I’ll admit I have lots of hate in my little formerly-Quaker heart. I really want to hurt some of those folks that I can never even reach and I think they deserve it. I would attack someone who attacked my own but I just can’t be a bully for other side. Punching down will always be something I feel in my gut is wrong.

I don’t think we are on the verge of  a Brown shirt nation either. So many folks have come out all over the country to stand against hate and white supremacy, In fact I didn’t even think I’d live to see the day that that term is acknowledged as an American problem. 34,000 people signed up to be a on a coalition call that I was on recently to fight white supremacy. Thousands rallied to the airports with almost no warning. We are not that country even though a hateful percentage has been unleashed-our young folks have lived differently than the Trump generation, my generation, they will not accept it and neither will we.

So maybe we need to go home and call our neighbors to do some radical activities like my friend above suggested-fight for local transit and push back when NIMBYS refuse to let low income housing into our neighborhoods, put our kids in public schools and demand they be funded-there’s so much else, much less heroic.  Don’t get me wrong (though I know many will), we should confront this evil and I’m always ready to take to the streets, it’s in my DNA. But I need to know I’m fighting evil not becoming one with it.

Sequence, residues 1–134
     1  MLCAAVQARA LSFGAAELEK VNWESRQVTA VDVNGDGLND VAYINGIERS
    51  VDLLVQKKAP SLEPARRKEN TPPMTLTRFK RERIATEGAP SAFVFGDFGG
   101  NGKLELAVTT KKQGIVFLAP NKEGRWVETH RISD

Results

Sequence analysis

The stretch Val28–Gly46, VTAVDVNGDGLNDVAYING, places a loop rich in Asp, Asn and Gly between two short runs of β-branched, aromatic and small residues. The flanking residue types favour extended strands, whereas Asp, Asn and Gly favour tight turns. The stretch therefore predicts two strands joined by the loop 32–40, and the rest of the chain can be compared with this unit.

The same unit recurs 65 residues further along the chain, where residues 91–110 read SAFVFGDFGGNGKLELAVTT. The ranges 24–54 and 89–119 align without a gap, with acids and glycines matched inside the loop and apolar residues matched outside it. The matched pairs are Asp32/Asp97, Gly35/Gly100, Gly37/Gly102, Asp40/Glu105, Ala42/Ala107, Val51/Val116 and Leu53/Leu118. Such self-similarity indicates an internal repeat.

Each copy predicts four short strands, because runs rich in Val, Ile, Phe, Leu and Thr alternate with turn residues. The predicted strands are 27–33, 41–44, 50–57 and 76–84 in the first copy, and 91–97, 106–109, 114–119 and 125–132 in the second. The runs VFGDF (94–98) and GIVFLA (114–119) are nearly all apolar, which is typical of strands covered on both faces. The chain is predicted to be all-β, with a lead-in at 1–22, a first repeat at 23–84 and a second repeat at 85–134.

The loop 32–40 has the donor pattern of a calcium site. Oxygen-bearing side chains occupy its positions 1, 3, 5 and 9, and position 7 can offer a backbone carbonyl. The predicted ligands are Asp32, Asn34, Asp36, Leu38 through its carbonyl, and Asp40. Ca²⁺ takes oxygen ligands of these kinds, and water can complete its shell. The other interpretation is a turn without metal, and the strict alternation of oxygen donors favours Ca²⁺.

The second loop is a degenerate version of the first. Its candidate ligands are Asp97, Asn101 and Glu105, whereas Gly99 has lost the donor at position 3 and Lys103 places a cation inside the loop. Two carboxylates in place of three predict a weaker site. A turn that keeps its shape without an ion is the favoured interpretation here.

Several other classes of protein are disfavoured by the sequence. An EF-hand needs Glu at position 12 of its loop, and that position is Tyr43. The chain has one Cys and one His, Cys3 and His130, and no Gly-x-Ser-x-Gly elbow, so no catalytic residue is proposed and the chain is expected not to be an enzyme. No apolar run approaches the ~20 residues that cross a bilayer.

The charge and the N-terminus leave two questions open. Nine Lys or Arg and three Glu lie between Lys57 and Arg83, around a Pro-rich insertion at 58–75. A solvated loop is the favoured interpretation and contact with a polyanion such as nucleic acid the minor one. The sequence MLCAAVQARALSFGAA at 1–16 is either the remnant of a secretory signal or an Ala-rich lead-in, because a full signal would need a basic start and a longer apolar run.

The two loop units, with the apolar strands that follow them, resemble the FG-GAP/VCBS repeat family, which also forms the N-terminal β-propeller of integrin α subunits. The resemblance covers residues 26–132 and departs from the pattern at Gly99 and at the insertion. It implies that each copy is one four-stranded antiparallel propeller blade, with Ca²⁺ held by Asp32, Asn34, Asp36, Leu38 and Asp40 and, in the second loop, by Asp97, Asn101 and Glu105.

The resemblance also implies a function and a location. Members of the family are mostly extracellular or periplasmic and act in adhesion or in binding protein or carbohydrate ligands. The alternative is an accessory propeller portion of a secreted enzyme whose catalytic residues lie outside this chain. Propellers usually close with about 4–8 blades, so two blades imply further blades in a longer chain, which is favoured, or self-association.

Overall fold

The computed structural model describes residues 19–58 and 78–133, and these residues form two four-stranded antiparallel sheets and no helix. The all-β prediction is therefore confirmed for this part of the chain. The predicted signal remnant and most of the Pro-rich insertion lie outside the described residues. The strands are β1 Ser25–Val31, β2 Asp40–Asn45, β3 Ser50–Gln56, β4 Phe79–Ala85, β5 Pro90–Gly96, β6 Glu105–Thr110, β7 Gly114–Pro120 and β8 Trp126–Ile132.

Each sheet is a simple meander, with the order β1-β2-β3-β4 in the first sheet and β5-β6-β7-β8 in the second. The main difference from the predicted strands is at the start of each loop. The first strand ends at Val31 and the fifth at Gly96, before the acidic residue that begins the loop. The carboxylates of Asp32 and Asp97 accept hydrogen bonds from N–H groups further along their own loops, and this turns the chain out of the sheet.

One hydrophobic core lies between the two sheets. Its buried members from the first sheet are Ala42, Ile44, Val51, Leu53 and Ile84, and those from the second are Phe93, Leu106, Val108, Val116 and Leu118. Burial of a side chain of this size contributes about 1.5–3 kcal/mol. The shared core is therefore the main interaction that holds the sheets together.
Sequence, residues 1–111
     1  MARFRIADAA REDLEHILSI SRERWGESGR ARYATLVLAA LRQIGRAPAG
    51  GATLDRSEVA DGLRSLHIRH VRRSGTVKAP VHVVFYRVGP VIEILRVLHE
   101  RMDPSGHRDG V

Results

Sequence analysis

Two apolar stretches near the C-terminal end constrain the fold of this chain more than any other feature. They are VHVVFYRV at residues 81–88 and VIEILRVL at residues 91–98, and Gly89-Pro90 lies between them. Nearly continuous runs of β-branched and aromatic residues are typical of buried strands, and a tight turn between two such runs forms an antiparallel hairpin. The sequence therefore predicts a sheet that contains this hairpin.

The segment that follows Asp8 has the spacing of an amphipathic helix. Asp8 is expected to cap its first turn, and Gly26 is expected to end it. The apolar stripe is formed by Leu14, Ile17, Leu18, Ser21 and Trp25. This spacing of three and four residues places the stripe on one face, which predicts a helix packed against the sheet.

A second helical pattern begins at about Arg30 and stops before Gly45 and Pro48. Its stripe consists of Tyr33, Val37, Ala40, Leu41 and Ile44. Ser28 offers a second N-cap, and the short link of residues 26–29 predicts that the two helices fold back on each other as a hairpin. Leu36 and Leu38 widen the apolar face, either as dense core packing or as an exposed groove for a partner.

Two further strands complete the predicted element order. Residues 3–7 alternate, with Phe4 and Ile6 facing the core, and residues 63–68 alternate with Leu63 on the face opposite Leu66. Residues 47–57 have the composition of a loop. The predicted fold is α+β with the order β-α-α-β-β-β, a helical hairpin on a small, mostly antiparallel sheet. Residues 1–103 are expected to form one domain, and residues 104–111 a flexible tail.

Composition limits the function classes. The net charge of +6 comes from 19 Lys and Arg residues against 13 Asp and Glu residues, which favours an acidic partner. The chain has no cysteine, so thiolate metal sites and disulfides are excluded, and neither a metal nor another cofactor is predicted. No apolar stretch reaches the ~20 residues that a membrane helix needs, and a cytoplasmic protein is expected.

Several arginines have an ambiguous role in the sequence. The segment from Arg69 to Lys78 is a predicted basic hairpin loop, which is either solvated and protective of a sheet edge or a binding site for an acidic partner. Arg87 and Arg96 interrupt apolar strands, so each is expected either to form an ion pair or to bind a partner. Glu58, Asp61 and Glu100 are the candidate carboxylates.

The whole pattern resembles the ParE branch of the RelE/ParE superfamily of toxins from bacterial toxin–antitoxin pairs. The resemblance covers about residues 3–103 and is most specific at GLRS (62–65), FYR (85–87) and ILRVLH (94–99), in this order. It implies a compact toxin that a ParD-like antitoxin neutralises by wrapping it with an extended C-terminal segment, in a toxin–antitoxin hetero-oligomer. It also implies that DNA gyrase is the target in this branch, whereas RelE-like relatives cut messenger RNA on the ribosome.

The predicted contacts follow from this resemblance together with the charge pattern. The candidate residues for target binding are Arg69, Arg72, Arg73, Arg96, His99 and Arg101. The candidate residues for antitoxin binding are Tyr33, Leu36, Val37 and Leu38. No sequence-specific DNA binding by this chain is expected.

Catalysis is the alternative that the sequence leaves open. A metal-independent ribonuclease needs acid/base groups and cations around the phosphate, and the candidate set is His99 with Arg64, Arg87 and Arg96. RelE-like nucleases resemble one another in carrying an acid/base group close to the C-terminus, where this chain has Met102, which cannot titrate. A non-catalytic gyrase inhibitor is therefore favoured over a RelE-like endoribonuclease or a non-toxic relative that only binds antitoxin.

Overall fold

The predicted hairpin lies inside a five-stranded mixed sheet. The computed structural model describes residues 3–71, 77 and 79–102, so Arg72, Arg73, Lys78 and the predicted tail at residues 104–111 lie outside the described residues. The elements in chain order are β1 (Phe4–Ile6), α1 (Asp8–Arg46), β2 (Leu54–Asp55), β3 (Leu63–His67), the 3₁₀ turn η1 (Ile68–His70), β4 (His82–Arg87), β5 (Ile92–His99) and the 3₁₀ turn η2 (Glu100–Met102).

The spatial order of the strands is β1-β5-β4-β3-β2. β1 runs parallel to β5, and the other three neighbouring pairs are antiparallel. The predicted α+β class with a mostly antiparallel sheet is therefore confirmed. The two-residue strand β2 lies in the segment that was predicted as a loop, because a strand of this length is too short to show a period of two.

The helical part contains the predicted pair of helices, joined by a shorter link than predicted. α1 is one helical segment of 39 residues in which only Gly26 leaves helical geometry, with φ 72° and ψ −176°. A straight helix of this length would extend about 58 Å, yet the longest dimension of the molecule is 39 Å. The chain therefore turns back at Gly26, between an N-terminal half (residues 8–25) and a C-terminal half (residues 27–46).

Addendum

My simple rules for tumultuous times or how not to become a reactionary:

*don’t react with violence towards people with little to no power.
*don’t react with generalizations against the media when they report things you didn’t want them to see.
*don’t react with new (or existing) laws that criminalize people based on association.
*don’t be ready to restrict others speech just because it’s hateful unless they attach actions or the imminent threat of actions to speech.

Or to paraphrase Miranda Rights and any NCIS show you’ve ever seen-no matter who you are, all of the above can and will be used against you.

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East Bay Housing Emergency at the Wellstone Club-April 28th

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Wellstone Club Schedules Round Table on Affordable Housing-Thursday, April 28th

The club meets this Thursday, Humanist Hall, 390 27th Street, wheelchair access on 28th St. Discussion to start at 7pm, potluck precedes. All are welcome.

Anyone who reads the paper or has checked their twitter account lately, will know that the hot topic throughout Northern California-Oakland, Berkeley, Richmond, Alameda, San Jose, and even Lafayette, Healdsburg and Santa Rosa-is runaway rents. As city councils are inundated by demands to provide more affordable housing, they are also being implored to offer immediate relief from rent gouging and wholesale evictions.